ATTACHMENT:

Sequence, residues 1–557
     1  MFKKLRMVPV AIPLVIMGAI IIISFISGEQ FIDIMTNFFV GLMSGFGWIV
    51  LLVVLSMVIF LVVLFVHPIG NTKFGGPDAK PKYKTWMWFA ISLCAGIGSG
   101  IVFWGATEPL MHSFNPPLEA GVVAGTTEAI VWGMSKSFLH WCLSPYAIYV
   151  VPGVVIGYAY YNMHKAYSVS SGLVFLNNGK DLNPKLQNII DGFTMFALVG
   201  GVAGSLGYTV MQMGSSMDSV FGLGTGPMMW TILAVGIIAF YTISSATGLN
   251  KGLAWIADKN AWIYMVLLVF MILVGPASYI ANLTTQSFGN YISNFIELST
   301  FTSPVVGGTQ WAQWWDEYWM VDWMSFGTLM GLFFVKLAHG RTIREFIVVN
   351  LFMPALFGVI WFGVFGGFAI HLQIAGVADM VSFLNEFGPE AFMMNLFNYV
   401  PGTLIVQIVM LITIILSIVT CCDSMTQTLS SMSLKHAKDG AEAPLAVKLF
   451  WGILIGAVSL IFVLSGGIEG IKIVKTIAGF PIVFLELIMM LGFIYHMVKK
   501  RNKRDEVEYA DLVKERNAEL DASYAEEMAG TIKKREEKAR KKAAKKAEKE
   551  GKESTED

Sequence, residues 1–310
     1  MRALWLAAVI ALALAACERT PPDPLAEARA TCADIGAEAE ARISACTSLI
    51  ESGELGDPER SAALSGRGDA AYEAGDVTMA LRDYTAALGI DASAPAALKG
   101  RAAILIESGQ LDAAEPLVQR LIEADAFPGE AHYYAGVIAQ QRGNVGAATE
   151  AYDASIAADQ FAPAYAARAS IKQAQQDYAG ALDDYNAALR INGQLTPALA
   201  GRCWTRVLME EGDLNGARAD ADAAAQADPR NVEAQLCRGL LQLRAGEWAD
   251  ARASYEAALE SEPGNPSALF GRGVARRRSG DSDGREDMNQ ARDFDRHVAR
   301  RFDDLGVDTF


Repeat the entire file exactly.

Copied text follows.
Sequence, residues 1–557
     1  MFKKLRMVPV AIPLVIMGAI IIISFISGEQ FIDIMTNFFV GLMSGFGWIV
    51  LLVVLSMVIF LVVLFVHPIG NTKFGGPDAK PKYKTWMWFA ISLCAGIGSG
   101  IVFWGATEPL MHSFNPPLEA GVVAGTTEAI VWGMSKSFLH WCLSPYAIYV
   151  VPGVVIGYAY YNMHKAYSVS SGLVFLNNGK DLNPKLQNII DGFTMFALVG
   201  GVAGSLGYTV MQMGSSMDSV FGLGTGPMMW TILAVGIIAF YTISSATGLN
   251  KGLAWIADKN AWIYMVLLVF MILVGPASYI ANLTTQSFGN YISNFIELST
   301  FTSPVVGGTQ WAQWWDEYWM VDWMSFGTLM GLFFVKLAHG RTIREFIVVN
   351  LFMPALFGVI WFGVFGGFAI HLQIAGVADM VSFLNEFGPE AFMMNLFNYV
   401  PGTLIVQIVM LITIILSIVT CCDSMTQTLS SMSLKHAKDG AEAPLAVKLF
   451  WGILIGAVSL IFVLSGGIEG IKIVKTIAGF PIVFLELIMM LGFIYHMVKK
   501  RNKRDEVEYA DLVKERNAEL DASYAEEMAG TIKKREEKAR KKAAKKAEKE
   551  GKESTED

Sequence, residues 1–310
     1  MRALWLAAVI ALALAACERT PPDPLAEARA TCADIGAEAE ARISACTSLI
    51  ESGELGDPER SAALSGRGDA AYEAGDVTMA LRDYTAALGI DASAPAALKG
   101  RAAILIESGQ LDAAEPLVQR LIEADAFPGE AHYYAGVIAQ QRGNVGAATE
   151  AYDASIAADQ FAPAYAARAS IKQAQQDYAG ALDDYNAALR INGQLTPALA
   201  GRCWTRVLME EGDLNGARAD ADAAAQADPR NVEAQLCRGL LQLRAGEWAD
   251  ARASYEAALE SEPGNPSALF GRGVARRRSG DSDGREDMNQ ARDFDRHVAR
   301  RFDDLGVDTF